This year’s bowl barrage took a swing into sentimental with more introspective ads than prior years’ laugh out loud shock value race. But did it pay off? Though the average ads price tag is a steep $5 Million+, the exposure and buzz value for big brands may be priceless.

McDonald’s and Pepsi seem to be the clear winners this year, as cited in today’s AdAge article:

“Thanks to its sponsorship of Katy Perry’s halftime show, Pepsi scored the highest change in buzz. The marketer’s only official ad in the game was a 30-second spot used to introduce the halftime show that immediately followed it.”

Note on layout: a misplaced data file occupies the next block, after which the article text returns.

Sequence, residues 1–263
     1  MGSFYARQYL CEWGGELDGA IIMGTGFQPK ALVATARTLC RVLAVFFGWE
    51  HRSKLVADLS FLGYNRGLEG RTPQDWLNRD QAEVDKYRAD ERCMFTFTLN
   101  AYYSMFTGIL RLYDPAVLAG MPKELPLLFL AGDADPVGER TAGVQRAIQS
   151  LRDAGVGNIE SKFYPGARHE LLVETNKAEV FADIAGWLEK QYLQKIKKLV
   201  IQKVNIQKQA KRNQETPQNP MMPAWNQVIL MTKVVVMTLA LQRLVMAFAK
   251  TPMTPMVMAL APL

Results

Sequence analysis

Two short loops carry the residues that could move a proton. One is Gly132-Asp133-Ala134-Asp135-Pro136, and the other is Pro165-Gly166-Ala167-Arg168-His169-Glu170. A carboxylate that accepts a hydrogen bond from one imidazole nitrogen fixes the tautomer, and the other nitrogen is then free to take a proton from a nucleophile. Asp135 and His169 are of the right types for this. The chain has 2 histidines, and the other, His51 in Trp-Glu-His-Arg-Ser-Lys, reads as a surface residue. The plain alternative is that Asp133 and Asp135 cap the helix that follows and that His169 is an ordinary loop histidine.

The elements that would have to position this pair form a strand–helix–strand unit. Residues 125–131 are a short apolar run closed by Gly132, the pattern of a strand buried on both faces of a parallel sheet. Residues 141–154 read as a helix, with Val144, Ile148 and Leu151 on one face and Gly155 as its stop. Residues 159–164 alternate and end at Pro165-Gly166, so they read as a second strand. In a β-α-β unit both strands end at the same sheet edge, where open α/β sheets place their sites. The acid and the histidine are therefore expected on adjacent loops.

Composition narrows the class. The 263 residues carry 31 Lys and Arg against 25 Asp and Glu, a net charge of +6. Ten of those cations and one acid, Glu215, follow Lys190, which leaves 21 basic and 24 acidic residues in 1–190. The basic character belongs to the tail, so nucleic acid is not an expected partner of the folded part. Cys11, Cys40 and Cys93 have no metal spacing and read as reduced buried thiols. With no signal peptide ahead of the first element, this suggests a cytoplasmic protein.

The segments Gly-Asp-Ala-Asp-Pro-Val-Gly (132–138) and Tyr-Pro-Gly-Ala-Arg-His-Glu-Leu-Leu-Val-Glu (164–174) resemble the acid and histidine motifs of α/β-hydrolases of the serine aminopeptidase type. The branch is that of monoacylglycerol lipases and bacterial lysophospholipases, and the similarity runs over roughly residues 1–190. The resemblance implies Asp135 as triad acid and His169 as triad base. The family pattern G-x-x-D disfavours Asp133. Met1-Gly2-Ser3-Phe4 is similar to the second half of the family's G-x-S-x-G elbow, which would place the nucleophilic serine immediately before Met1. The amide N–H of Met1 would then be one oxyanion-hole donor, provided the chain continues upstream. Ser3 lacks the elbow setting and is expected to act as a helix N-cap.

“McDonald’s, Nationwide, Carnival Cruises and T-Mobile saw the biggest lift in purchase consideration compared to the pre-game baseline, according to YouGov BrandIndex.”

Noteably, Nationwide’s Topsy Sentiment score only dropped from 63 to 55 after they aired the notorious dead kid ad. Not a huge jump, indicating that viewers, although annoyed, remain neutral to the brand. Social buzz for Nationwide, however—through the roof. Leaving one to wonder at the old adage “No such thing as bad publicity.”—or maybe the message actually resonated, despite the negative social buzz.

2015 Super Bowl XLIX Marketing by the Numbers

2015 Super Bowl XLIX Marketing by the Numbers

Take a look at our infograph roundup for some quick stats from this year’s big game.